Eternal Patrol

Wasting time on Pinterest takes too much of my time. I should probably stop doing it… but every once in a while I stumble across something pretty cool. This pin I’d come across before, but this time when I saw it, it started a ball rolling. TL;DR if you don’t want to click through: but US Naval tradition refers to submarines lost at sea as being on eternal patrol. There’s even mention of radio operators hailing all the eternal patrol subs on Christmas just to tell them they’re still remembered. Some people find it creepy, others find it a sweet remembrance of those lost, and some people turn it into a writing prompt. I totally support all of these… but since I’ve got Star Trek on my brain so much, I couldn’t help but wonder, what if a human caused the tradition to make the jump to Starfleet?

I picture someone who comes from a family with a long history of Naval service. They grew up hearing about the Christmas hails to the submarines on eternal patrol; it was something their mother whispered in their ear as they were tucked into bed on Christmas eve each year, talking about her time working the radios when she served. They grow up to join Starfleet—much to the surprise of the rest of the family—and go into communications. Their first patrol on a starship, and they happen to be working communications on the bridge Christmas eve. So they tell their crew mates of the naval tradition, and somehow they convince the officer on duty to let them place the hail out to the starships they can quickly find listed as missing in action.

Next year, their captain presents them with a list. It includes many of the ships from last year, though some have been removed because they found their way safely home, and others added; new ships include those who’d gone missing in the last year, or ships buried in higher security clearance than this lowly ensign had access to. The Christmas hail goes out again, with some other ships in the fleet picking it up and repeating it. There’s a lot of chatter both within Starfleet and without. Admirals express confusion, particularly those who aren’t human, but in the end the ensign is given official clearance to continue—with the understanding that certain ships require secure channels for their hail.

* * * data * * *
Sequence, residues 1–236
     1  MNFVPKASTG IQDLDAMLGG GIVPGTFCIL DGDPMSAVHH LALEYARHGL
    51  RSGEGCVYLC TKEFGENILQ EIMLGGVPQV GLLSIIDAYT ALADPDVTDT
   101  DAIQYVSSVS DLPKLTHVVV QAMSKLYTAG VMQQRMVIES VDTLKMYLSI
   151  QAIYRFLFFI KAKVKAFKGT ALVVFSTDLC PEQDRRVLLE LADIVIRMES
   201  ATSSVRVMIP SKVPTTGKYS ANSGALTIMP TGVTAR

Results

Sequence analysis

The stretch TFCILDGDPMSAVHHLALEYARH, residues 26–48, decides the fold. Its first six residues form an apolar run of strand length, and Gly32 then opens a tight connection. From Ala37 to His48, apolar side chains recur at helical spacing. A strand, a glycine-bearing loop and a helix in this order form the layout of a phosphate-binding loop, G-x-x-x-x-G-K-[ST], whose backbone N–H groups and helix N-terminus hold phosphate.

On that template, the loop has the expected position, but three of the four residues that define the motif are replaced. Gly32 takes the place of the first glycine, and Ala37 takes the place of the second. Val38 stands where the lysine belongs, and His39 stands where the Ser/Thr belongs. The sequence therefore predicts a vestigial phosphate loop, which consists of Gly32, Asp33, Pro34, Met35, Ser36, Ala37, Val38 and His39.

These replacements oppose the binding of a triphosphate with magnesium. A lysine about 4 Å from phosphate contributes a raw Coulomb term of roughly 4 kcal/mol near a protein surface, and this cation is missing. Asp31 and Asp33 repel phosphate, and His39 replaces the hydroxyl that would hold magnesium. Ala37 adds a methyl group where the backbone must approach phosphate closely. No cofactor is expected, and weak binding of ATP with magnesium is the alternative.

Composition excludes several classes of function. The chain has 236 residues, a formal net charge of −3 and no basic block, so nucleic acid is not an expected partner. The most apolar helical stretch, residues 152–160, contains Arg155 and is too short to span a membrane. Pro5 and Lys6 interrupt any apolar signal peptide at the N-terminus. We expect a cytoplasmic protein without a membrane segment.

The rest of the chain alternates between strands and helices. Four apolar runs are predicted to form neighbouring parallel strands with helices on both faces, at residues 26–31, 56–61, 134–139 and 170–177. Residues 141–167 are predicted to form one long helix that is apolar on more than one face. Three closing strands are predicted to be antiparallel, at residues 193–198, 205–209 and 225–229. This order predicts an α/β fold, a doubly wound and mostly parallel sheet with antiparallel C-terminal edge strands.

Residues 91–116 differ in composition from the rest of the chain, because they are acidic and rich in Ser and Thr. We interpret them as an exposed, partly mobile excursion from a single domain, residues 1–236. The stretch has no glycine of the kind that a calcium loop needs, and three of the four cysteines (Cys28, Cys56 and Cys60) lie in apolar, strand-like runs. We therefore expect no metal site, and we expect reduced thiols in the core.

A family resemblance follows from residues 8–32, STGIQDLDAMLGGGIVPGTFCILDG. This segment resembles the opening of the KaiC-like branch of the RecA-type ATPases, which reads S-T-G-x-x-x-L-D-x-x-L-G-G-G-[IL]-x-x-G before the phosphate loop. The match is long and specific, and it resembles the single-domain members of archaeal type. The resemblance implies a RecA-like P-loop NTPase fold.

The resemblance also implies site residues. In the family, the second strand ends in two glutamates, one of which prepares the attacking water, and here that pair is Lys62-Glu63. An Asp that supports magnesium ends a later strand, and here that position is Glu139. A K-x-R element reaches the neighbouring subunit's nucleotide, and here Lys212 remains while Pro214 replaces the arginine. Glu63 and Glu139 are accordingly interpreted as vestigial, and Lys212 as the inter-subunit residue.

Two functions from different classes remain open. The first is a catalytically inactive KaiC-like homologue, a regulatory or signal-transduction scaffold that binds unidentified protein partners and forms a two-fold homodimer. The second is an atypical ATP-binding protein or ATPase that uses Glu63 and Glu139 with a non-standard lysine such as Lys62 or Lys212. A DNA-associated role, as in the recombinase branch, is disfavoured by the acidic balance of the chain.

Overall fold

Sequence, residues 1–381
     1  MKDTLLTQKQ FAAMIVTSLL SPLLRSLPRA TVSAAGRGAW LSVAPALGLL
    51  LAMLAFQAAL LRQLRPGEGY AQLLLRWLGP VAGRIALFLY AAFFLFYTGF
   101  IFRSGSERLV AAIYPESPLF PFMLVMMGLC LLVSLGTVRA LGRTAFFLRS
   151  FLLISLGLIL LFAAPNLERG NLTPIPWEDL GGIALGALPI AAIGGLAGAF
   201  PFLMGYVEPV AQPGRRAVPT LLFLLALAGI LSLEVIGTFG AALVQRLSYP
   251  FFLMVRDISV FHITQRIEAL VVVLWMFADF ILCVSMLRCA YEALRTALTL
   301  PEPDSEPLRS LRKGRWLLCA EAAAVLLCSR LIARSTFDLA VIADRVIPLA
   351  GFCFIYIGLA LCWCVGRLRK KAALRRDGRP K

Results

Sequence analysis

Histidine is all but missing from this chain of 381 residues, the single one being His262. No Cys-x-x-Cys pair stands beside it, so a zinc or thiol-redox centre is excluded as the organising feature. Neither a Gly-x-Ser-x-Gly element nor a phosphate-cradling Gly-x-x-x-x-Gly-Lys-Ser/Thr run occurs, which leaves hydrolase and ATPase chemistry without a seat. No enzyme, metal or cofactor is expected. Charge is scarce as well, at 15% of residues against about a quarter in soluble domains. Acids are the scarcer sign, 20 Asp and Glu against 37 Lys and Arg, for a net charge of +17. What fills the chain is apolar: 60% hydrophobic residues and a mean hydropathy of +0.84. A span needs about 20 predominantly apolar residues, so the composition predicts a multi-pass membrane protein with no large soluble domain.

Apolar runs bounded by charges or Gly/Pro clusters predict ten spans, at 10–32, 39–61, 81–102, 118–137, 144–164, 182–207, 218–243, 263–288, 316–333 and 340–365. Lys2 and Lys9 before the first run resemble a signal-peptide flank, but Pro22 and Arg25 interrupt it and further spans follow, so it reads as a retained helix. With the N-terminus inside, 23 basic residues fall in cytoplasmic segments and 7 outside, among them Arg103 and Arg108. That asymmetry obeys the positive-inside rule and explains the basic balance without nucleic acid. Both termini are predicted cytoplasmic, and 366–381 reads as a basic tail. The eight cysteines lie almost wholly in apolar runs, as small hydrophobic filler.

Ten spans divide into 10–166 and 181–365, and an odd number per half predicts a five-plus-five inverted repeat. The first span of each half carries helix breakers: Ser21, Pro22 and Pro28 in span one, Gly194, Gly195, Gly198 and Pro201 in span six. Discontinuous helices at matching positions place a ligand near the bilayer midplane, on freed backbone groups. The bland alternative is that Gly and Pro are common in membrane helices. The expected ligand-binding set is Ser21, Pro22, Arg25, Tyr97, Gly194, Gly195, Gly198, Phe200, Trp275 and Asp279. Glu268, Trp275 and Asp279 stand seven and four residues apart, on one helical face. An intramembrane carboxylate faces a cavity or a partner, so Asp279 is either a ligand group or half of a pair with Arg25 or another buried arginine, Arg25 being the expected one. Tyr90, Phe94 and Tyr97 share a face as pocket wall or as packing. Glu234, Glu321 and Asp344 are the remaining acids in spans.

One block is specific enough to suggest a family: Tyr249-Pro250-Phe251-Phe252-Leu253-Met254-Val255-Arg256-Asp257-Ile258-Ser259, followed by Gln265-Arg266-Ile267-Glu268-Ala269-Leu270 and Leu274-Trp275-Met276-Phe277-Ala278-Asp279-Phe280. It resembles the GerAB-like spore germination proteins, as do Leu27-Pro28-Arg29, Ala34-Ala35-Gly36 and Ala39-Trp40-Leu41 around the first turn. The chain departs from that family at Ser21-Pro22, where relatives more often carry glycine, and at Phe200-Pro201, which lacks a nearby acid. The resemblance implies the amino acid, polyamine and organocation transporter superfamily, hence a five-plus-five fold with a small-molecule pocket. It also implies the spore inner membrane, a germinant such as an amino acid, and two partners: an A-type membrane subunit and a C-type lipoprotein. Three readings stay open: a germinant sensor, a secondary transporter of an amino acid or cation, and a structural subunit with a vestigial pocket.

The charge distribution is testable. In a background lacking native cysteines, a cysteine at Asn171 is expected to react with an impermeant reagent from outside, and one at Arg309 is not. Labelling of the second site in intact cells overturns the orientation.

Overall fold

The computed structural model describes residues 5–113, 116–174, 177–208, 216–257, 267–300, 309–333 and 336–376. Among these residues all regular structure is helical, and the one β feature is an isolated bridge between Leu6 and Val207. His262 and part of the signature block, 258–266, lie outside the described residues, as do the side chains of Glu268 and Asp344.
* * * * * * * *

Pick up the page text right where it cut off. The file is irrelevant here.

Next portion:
In time they get promoted and eventually assigned to HQ. Every year, they get an updated and carefully organized list of ships and registry numbers, frequencies and encryption keys to use; no one ever appears to have put any on duty time into the effort but the list is always ready in time. It eventually takes over operations of HQ’s communications hub for Christmas eve and day, with people volunteering for the shifts and expressing preference for being on when certain ships are being hailed. The original ensign retires from the fleet, tucking their grandchildren in on Christmas eve with the stories of the new tradition; one of them even joins Starfleet and gets into the regular rotation of volunteers working the holiday hail shift.